The Anesthesia Gas Machine

Michael P. Dosch CRNA PhD, Darin Tharp CRNA MS
University of Detroit Mercy Graduate Program in Nurse Anesthesiology
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Revised March 2016


Scavenging and Waste Anesthetic Gases (WAGs)

Disposal: Scavenging Systems

Purpose of scavenging

Definition Scavenging is the collection and removal of vented anesthetic gases from the OR. Since the amount of anesthetic gas supplied usually far exceeds the amount necessary for the patient, OR pollution is decreased by scavenging. If a fresh gas flow-sized volume enters the breathing circuit each minute, the same flow must leave it, or barotrauma will result. Scavenger and operating room ventilation efficiency are the two most important factors in reduction of waste anesthetic gases (WAGs).


Scavenging may be active (suction applied) or passive (waste gases proceed passively down corrugated tubing through the room ventilation exhaust grill of the OR). Active systems require a means to protect the patient's airway from the application of suction, or buildup of positive pressure. Passive systems require that the patient be protected from positive pressure buildup only.

Another important distinction is that scavenger interfaces may be open (to the atmosphere) or closed (gases within the interface may communicate with the atmosphere only through valves; the older type). The different types of interface have clinical implications. Clearly, open interfaces are safer for the patient. From being relatively unknown 10 years ago, they are becoming almost universal on new equipment, so patient (and anesthetists') safety demands user's attention to the distinctions.

Open interfaces are found on most newer gas machines (e.g. Aisys, Apollo, Fabius GS). Aestiva may have an open or closed interface.

Practice guidelines

The Joint Commission requires scavenging. AANA published recommendations in 2000, available at AANA). ASA published WAGs guideline and fact sheet.

NIOSH recommendation to OSHA: Workers should not be exposed to an eight hour time-weighted average of > 2 ppm halogenated agents (not > 0.5 ppm if nitrous oxide is in use) or > 25 ppm nitrous oxide.

Components of the scavenger system

  1. Gas collection assembly, (tubes connected to APL and vent relief valve)
  2. Transfer tubing (19 or 30 mm, sometimes yellow color-coded)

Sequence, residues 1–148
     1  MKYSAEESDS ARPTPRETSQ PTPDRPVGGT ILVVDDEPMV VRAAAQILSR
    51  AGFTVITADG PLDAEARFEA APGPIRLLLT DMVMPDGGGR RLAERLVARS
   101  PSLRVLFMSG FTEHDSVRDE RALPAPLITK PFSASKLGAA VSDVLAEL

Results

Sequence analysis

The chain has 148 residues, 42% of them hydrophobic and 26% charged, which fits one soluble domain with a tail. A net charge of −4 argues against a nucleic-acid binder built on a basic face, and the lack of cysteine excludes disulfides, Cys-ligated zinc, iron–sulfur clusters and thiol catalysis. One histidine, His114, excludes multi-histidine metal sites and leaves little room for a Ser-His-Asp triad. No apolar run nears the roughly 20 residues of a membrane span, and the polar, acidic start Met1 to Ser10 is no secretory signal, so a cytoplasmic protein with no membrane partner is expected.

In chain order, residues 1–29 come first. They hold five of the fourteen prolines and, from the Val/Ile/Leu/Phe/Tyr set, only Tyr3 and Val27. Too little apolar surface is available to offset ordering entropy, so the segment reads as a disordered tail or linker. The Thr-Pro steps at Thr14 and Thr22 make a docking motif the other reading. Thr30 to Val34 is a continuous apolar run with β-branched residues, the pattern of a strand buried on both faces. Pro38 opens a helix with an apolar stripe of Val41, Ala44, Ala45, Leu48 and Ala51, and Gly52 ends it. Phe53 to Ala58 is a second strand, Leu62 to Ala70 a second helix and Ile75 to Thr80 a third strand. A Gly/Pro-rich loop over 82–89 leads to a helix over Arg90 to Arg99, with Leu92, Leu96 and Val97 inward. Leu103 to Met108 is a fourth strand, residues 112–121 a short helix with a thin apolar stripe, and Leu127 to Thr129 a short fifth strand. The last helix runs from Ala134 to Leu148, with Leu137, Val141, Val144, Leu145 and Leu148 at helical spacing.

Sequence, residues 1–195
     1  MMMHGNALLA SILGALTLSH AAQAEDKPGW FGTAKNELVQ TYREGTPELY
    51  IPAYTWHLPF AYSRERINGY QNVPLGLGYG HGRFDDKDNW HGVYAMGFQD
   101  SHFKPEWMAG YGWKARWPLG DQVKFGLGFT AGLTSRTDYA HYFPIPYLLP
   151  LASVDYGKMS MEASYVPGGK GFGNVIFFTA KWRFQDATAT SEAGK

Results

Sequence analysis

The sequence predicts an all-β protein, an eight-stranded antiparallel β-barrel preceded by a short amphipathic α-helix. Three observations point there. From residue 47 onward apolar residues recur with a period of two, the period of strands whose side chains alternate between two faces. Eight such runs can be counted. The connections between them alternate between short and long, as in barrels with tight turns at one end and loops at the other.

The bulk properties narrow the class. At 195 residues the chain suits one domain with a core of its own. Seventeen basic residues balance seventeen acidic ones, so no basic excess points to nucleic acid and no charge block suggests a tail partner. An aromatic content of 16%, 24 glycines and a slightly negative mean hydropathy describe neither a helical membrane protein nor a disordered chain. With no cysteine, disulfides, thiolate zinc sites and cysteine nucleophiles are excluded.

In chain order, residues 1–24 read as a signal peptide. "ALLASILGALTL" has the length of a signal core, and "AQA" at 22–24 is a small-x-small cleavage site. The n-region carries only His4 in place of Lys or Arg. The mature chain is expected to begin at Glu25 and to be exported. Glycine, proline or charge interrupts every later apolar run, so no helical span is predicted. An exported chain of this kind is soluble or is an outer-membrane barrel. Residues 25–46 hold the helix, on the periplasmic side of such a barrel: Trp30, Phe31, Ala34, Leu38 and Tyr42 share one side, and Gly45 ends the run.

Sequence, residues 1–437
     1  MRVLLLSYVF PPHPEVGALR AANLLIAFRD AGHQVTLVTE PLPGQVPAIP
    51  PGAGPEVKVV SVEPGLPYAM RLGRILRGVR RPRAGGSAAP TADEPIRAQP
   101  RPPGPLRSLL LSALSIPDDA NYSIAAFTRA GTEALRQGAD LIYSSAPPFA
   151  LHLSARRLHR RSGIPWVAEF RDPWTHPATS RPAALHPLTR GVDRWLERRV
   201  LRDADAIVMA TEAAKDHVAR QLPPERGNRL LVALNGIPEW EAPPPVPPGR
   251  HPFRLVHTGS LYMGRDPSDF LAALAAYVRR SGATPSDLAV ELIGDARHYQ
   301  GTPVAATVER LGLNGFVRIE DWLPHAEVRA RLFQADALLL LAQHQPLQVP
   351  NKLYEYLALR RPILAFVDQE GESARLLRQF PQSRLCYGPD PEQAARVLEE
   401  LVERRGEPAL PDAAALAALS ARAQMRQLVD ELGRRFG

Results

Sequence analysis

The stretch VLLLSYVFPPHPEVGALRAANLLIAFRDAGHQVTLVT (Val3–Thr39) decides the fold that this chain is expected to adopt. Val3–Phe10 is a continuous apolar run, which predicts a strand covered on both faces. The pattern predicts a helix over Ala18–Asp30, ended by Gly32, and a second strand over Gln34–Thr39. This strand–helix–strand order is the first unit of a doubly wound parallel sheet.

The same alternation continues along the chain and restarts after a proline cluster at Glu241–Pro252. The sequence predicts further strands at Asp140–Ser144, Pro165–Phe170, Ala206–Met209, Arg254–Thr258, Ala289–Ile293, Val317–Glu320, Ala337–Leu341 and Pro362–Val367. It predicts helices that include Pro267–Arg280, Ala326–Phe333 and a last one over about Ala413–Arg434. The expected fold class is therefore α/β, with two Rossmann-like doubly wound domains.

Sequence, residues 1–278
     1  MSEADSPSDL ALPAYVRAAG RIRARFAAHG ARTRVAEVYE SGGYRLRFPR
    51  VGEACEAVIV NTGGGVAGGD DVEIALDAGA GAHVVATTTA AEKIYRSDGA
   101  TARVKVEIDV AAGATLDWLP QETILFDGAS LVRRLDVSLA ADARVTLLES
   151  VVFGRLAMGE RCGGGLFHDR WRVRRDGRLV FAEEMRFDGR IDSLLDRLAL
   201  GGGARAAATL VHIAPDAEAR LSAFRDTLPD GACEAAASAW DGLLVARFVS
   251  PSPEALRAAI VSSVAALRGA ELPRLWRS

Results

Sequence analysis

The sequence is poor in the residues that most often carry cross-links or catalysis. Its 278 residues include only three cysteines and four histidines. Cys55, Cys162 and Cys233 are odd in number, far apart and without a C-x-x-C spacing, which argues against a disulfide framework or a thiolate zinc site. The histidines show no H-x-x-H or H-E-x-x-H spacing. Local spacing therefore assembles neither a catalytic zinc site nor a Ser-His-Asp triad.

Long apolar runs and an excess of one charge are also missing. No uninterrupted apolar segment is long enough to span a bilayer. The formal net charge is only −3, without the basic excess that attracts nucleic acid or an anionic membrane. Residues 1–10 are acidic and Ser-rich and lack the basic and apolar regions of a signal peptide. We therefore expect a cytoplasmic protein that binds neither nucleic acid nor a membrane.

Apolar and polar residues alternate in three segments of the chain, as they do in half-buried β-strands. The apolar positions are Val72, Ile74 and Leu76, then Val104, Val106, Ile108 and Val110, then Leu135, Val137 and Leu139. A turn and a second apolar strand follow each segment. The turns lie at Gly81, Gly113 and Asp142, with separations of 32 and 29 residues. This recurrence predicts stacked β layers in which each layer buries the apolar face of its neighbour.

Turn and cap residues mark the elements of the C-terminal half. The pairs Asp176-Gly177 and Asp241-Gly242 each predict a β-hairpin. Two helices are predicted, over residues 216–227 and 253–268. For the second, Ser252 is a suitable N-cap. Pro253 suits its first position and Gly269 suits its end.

3. Scavenging interface
  4. Gas disposal tubing (carries gas from interface to disposal assembly)
  5. Gas disposal assembly (active or passive - active most common, uses the hospital suction system)

The scavenger interface is the most important component. It protects the breathing circuit from excess positive or negative pressure. Positive-pressure relief is mandatory to vent excess gas in case of occlusion distal to a closed interface. If active disposal system, must have negative pressure relief as well. Reservoir highly desirable with active systems.

Dr�ger open scavenging interface

Dräger open scavenging interface Click on the thumbnail, or on the underlined text, to see the larger version.


Dr�ger open scavenging interface

Dräger open scavenging interface Click on the thumbnail, or on the underlined text, to see the larger version (37 KB).



Closed scavenging interface

Diagram of the closed scavenging interface (Ohmeda). Inset: external appearance of the interface. Click on the thumbnail, or on the underlined text, to see the larger version (42 KB).


Interfaces can be open or closed types. Open interface has no valves, and is open to atmosphere (allows both negative and positive pressure relief). Should be used only with active systems. Keep the suction indicator between the white etched lines. Remember that slight hissing from an open interface is normal- there is no audible indication of waste gas leaks.

While safer for the patient (no hazard of positive or negative pressure being applied to the airway as a result of scavenger failure), the risk of occupational exposure for providers ignorant of their proper use is higher with the open interface (Anesth Analg 1992;75:1073).

Closed interface communicates with atmosphere only through valves. Should adjust vacuum so that reservoir bag neither flat not over-distended.

Hazards of scavenging

Controlling occupational exposure to waste anesthetic gases

Effectiveness: Unscavenged operating rooms show 10-70 ppm halothane, and 400-3000 ppm N2O. Minimal scavenging brings these levels down to 1 and 60 ppm respectively; adding careful attention to leaks and technique can yield levels as low as 0.005 and 1 ppm.

Avoiding waste gas exposure: Evidence of harm to anesthesia personnel from waste gases is suggestive but unproved (strongest relationship is N2O and reproductive difficulties). There are definite hazards to patients when scavenging systems fail- so consider the scavenger part of the breathing system and check it each day. The smell of gas during a case is abnormal and the cause should be sought. Good technique will also help lessen exposure:

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